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Written by Alec Toller, Mikaela Dyke, Daniel Pagett, Alex Paxton-Beesley, Paloma Nuñez and Anders Yates, directed by Toller. Until April 2 at Tarragon Workspace, 30 Bridgman Ave. Tarragontheatre.com or 416-531-1827.
The enterprising and chimeric Circlesnake Productions create shows through collective brainstorming and improvisation, working from various initial stimuli such as an intriguing historical figure (the 16th-century astronomer John Dee in The Queen’s Conjurer) or sci-fi (Dark Matter).
In this complex psychological drama, back after an acclaimed run in February 2016, they turn again to film/TV genre, here working in the vein of crime procedural. Set designer Bronwen Lily has transformed the top-floor studio space at Tarragon Theatre into a messy crime scene: papers and pill bottles strewn on the floor, clippings and drawings posted on the walls, and a body on the floor that the audience has to walk around to take their seats.
Lynne (Alex Paxton-Beesley) and Mark (Daniel Pagett) are the detectives assigned to the case. The play drops you into their investigation, as they exchange rapid-fire hypotheses about what happened to the dead woman, at the same time challenging each other’s professional capacities: He calls one of her ideas “Werner Herzog meets CSI bullshit.”
The play is both enacting and commenting on the buddy banter (and, it transpires, sexual tension) in all those TV franchises like Law and Order and Bones. Its higher ambition is to question the reliability of memory and of the stories we tell ourselves and each other about who we are.
This work is smart and uncompromisingly paced, challenging to you keep up. Scenes from other places and times are interjected into the main plot line, illustrating what the detectives are discovering but not immediately providing enlightenment, as when the dead woman (Mikaela Dyke) rises from the floor and plays an awkward reunion scene with her ex (Nicole Stamp).
At some points figures from Lynne and Mark’s professional world participate in the seeming real-time of the investigation, as with Anders Yates’s engaging turn as the so-over-it police coroner Blake: “Hey bitches. Mother of Christ it smells like a summertime garbage strike in here,” he says as he enters the crime scene. But other moments are flashbacks — or perhaps flash-forwards.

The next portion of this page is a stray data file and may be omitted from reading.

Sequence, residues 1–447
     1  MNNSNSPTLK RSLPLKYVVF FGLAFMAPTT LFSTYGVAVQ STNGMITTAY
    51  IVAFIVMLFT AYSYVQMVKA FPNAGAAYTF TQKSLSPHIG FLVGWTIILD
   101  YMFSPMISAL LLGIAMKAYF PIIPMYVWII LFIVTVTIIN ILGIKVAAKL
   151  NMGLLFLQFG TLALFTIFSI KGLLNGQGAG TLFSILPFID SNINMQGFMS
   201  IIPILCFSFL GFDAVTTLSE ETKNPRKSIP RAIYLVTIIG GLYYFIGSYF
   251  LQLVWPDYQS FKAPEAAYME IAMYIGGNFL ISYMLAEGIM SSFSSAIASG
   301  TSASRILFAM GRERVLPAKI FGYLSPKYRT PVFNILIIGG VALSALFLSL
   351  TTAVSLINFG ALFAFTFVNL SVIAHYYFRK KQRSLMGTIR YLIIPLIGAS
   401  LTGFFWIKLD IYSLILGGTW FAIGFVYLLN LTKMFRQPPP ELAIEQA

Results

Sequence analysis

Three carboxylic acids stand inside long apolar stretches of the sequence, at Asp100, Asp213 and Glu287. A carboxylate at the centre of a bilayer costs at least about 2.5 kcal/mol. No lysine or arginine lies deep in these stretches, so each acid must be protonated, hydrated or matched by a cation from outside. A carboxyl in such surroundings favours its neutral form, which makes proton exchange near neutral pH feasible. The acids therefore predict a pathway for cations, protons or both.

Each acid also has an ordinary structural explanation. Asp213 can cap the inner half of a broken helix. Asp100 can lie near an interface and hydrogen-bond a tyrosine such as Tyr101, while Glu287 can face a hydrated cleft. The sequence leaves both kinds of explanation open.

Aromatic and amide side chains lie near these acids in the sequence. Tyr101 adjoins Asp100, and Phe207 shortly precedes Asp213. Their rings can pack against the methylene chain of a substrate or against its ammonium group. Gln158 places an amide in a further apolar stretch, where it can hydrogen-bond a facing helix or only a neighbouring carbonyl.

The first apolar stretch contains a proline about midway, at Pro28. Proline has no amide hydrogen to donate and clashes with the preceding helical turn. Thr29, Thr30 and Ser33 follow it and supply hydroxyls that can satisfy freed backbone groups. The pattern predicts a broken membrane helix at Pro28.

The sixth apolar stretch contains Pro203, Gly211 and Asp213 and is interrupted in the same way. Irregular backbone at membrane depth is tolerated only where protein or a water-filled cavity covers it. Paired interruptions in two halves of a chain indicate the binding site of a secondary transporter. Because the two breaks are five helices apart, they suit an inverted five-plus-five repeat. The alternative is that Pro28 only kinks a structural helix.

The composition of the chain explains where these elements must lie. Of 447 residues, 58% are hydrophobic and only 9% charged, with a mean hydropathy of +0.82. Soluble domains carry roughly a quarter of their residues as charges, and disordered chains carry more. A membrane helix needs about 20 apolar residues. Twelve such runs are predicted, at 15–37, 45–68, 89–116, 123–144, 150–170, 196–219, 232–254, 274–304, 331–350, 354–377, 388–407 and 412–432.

Wesley McKenzie’s lights help in establishing these changes, but some patience is required to allow the production’s conventions to make themselves clear — in particular that Dyke, Stamp, and Yates play multiple characters.
What’s the significance of the image of conjoined pentagons that they find all over the dead woman’s apartment? Is it just truth that’s slippery here (hence the title) or is this about making mistakes, slipping up? As the play progresses the upsetting connection between the crime and the people investigating it come into focus, leading to a superbly played, very moving final scene between the excellent Paxton-Beesley and Pagett.
Indeed this show is worth seeing for the performances alone: in all but one case (Stamp is subbing in for collaborator Paloma Nuñez) the actors created this material and they inhabit its swift moves from caustic comic exchange to angst-ridden psychological exploration with impressive confidence.
Alec Toller’s direction has helped the production move from its original, site-specific location at 89 Niagara Street (the address where, in the show’s fiction, the crime took place) while keeping its intimacy and intensity, though there’s one moment where the long rectangular configuration is handled oddly: having Mark leave a key prop on one side of the room so that Lynne has to walk all the way across in order to chance upon it feels contrived.
Bring a smart friend: this is one to keep talking about, and savoring, afterwards.